5-Year Project: THE END

With a little more time since I finished reading all those abstracts and papers, I have had the space and time to reflect on what I have learned.

But first, some fun facts:

  • I read 2,142 abstracts
  • This is roughly 291,024 words
  • I looked at 227 articles more closely

As it can be expected, at some point all these articles and ideas began to blur together. And while I cannot (nor should I be expected to) remember each abstract and article I read, I came away with a few thoughts that are in no way original but nevertheless relevant to management doctoral students:

1. Management as a field has a strange relationship with Theory.

  • Hambrick, Donald C. “The field of management’s devotion to theory: too much of a good thing?.” Academy of Management Journal 50.6 (2007): 1346-1352.
  • George, Gerard. “Rethinking Management Scholarship.” Academy of Management Journal 57.1 (2014): 1-6.
2. Writing for “A” Journals will require SEVERAL years of practice.
  • There is a certain “feel” each journal has, and developing an intuitive sense of what that is will take years. Faculty that publishes in those journals can help – and so can the following articles:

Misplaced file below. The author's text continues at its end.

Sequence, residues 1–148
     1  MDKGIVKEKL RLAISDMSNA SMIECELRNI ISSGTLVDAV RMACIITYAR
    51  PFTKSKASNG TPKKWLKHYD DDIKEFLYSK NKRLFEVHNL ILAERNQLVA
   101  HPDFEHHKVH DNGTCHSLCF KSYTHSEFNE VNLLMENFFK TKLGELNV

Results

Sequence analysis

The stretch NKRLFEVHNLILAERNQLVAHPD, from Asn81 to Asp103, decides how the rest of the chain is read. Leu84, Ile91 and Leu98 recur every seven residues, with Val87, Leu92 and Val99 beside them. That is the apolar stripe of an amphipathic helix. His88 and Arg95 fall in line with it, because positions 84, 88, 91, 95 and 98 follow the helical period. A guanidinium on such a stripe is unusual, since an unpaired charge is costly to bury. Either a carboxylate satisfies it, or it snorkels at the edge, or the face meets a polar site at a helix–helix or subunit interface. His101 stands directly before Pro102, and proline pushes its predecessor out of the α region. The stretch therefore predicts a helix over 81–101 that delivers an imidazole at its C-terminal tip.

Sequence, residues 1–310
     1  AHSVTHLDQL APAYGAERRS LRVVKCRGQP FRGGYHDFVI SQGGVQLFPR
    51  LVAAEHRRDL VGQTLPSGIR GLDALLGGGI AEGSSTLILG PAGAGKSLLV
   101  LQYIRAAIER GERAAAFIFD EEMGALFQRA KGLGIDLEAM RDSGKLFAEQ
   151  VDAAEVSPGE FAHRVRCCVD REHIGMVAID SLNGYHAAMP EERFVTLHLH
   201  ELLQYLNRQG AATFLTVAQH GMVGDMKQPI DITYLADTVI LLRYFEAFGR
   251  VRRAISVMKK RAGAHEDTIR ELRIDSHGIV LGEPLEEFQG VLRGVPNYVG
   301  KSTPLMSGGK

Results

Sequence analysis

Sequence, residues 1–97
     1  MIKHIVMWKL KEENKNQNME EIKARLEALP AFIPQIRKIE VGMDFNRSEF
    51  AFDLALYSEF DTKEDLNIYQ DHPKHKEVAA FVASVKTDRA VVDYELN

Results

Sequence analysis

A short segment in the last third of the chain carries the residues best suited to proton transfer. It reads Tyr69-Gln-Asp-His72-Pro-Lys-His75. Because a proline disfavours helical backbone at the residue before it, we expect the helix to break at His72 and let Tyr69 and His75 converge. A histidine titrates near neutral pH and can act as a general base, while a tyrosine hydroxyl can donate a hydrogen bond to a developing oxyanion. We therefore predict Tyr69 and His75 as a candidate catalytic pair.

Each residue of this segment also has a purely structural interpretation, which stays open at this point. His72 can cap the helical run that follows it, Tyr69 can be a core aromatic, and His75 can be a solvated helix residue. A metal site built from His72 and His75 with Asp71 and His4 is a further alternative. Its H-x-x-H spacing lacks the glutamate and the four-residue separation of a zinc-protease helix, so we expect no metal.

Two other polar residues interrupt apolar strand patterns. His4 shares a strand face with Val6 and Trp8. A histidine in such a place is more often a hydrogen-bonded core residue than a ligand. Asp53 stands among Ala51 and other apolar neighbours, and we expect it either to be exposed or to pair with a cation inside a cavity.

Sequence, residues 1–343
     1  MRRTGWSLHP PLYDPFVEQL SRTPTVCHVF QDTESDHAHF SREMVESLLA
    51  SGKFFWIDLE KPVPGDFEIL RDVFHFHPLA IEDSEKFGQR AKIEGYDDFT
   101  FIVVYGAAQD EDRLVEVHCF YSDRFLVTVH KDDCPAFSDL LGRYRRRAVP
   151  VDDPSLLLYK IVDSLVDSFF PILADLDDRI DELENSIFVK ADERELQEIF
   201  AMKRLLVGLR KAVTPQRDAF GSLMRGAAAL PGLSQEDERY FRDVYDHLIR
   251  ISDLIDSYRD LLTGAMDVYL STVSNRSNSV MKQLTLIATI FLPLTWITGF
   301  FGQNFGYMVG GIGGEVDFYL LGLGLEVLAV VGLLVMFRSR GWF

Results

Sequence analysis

• Colquitt, Jason A., and Gerard George. “Publishing in AMJ—Part 1: Topic Choice.” Academy of Management Journal 54.3 (2011): 432-435.
    • Bono, Joyce E., and Gerry McNamara. “Publishing in AMJ—Part 2: Research design.” Academy of Management Journal 54.4 (2011): 657-660.
    • Grant, Adam M., and Timothy G. Pollock. “Publishing in AMJ—Part 3: Setting the hook.” Academy of Management Journal 54.5 (2011): 873-879.
    • Sparrowe, Raymond T., and Kyle J. Mayer. “Publishing in AMJ—Part 4: Grounding Hypotheses.” Academy of Management Journal 54.6 (2011): 1098-1102.
    • Zhang, Yan Anthea, and Jason D. Shaw. “Publishing in AMJ—Part 5: Crafting the methods and results.” Academy of Management Journal 55.1 (2012): 8-12.
    • Geletkanycz, Marta, and Bennett J. Tepper. “Publishing in AMJ–Part 6: Discussing the Implications.” Academy of management journal 55.2 (2012): 256-260.
    • Corley, Kevin. “Publishing in AMJ—Part 7: What’s Different about Qualitative Research?.” Academy of management Journal 55.3 (2012): 509-513.
3. The most interesting papers, had interesting stories.
  • Daft, Richard L. “Learning the craft of organizational research.” Academy of Management Review 8.4 (1983): 539-546.

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